Since she was in high school, Miriam Levi has been drawn to working with older adults. She brings years of training and experience in improving nursing home culture as a Green House guide to her current position.
Miriam’s first nursing home experience was as a teen volunteer in Detroit, where she grew up. “I was sold,” she said. “This is where I wanted to be. I was comfortable with the population.” Noticing that the residents wanted to venture outdoors more, she created Roll and Stroll, a program that recruited other high school girls to take residents for walks in their wheelchairs.
As an undergraduate, Miriam got an internship at The New Jewish Home’s previous Bronx location, doing recreation therapy. “It was a great place to learn,” she said. Through a visionary social worker on the team, she was first exposed to ideas about long-term care that came to shape her career.
“Sandy Meyers was a pioneer who challenged the status quo and wanted to make change. She took us on field trips to different nursing homes, to learn about how to make them less institutionalized, more like home. The idea of person-directed care really appealed to me,” she said.
About five years later, when Miriam returned to The New Jewish Home as associate director of therapeutic recreation, she became involved in efforts to transform the nursing home culture. Along with her therapeutic recreation responsibilities, she was also the community coordinator. She and several other managers were assigned to different units to build communities within the nursing home.
“We worked with staff and families to deeply know residents and offer more person-directed care in a collaborative fashion.” We embraced the core principles of The Green House model: helping those in our care live meaningful lives, creating a real home and empowering our workforce. I also trained staff to utilize this care model,” she said.
As director of community life activities in Manhattan, she managed thousands of volunteers who helped her implement resident-directed programming. “Residents chose the programs they themselves could run and enjoy.”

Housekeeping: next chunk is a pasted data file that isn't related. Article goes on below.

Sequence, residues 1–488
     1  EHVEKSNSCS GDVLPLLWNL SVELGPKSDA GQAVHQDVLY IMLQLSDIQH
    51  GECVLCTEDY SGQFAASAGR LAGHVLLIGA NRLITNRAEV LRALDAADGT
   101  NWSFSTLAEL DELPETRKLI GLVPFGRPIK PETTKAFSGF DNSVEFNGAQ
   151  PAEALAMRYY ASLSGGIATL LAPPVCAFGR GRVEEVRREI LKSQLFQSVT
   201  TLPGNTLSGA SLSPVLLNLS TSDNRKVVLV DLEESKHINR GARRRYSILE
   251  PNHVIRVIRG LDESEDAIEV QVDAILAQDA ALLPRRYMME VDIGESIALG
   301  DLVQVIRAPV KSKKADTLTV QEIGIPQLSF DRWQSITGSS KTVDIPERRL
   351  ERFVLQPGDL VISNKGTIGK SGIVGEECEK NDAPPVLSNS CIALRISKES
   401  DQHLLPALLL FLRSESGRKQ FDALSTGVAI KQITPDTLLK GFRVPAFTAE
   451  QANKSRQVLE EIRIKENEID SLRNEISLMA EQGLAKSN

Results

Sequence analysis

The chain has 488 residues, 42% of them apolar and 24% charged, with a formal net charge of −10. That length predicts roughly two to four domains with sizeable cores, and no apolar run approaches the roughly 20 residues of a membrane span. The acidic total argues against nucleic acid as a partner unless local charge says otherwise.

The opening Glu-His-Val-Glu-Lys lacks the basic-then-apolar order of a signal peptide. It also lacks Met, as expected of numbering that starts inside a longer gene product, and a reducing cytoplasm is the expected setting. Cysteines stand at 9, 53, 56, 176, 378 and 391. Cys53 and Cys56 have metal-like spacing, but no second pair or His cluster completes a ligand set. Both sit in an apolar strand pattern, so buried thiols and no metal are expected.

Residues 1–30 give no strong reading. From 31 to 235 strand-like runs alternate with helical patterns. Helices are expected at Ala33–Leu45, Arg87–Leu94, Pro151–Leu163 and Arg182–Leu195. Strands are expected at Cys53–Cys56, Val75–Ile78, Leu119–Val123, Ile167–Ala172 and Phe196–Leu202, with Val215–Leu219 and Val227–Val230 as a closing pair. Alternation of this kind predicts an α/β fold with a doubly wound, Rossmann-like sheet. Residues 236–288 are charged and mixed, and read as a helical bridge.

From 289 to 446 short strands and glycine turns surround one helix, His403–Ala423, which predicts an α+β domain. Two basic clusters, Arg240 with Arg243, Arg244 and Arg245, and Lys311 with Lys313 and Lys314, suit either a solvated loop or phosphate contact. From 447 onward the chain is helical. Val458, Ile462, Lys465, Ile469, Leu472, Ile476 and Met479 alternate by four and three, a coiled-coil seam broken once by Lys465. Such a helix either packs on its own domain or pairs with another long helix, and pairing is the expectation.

Miriam’s next goal was to become a nursing home administrator, so she went back to school and earned her Master’s degree. “When the time was right, I took the exam and then accepted the position of assistant administrator at The New Jewish Home’s Westchester facility.” In her new position, she supports overall operations, including the small house communities, where the physical space and staffing structure are largely guided by the Green House model.
She was just getting her feet wet when COVID hit, and her job changed instantly. “My role has been to support staff and residents in every way. That may mean driving miles to pick someone up, or staying late at night to help staff, or working with regulatory agencies to make sure we’re in full compliance. I work closely with Larry Abrams, the administrator, to keep morale up and keep residents healthy, happy, and in touch with their families.”
Miriam calls on her deep experience with person-directed care to coach and mentor the staff. “I bring that lens—helping staff see the person behind every resident. I’ve coached them through challenges and helped them find creative approaches to care for residents during difficult times.”
Today, she is helping to create an environment where everyone is supported and feels heard. “All staff, including management, will take time to get back to normal,” she said. “I’m working with the leadership team to be better leaders, and offering them tools to do their jobs—resources and emotional support.” In March, she partnered with Paraprofessional Health Institute to create a summit where 18 experienced leaders gathered virtually to recharge and reflect on the past year through guided discussions.
“We talked about customer service training, tools on how to work with families, and understanding better how to interact in times of stress. It’s important that staff feel supported.”
And ultimately, when staff are supported, the nursing home residents will benefit from an enhanced experience. “This is what has motivated me during my entire career—a nursing home is the beginning of a different part of your life. It should give people the opportunity to live life to the fullest. We want to create that home, where we care for them the way they want to be cared for.”